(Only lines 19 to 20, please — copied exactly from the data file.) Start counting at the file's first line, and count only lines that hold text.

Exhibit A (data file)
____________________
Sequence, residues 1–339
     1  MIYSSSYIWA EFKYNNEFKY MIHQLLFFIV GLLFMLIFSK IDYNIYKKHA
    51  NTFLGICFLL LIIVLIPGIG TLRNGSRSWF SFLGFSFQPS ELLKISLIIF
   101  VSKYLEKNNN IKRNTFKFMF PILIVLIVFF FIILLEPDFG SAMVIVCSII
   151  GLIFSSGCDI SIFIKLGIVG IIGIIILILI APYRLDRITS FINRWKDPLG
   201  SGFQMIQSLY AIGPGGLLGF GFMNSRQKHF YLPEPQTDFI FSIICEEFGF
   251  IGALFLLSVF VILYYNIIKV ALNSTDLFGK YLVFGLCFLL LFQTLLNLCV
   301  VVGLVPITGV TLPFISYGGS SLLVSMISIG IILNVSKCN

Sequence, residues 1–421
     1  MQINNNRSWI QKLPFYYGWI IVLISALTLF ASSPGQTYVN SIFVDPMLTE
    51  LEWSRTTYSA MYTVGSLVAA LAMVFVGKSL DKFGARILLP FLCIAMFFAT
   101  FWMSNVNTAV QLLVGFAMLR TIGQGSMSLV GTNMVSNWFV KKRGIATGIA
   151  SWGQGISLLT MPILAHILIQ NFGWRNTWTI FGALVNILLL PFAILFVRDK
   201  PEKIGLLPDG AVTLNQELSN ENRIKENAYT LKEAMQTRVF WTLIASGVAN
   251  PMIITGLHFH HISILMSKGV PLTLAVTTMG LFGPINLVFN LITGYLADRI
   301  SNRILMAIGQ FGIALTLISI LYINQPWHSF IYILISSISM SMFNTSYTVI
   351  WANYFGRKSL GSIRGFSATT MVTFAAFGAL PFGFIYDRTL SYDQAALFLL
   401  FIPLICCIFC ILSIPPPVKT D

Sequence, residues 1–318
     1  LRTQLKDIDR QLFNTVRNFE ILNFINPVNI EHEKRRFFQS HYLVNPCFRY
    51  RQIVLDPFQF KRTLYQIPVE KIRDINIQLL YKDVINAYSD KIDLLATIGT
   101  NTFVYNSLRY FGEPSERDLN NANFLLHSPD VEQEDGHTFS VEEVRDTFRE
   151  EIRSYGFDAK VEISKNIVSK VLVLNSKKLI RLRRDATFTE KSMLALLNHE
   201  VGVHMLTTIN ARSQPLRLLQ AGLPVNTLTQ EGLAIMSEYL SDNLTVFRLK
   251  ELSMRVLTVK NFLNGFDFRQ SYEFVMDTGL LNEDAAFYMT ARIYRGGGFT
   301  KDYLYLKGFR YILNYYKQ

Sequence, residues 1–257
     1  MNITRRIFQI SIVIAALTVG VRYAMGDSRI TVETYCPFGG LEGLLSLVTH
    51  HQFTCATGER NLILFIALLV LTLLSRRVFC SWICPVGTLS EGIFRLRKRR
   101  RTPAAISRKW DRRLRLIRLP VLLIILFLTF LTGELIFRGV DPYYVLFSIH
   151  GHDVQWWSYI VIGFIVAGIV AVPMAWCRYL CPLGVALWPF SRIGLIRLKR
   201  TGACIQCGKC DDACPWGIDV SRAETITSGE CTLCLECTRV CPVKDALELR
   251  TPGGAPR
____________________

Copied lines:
Sequence, residues 1–318
     1  LRTQLKDIDR QLFNTVRNFE ILNFINPVNI EHEKRRFFQS HYLVNPCFRY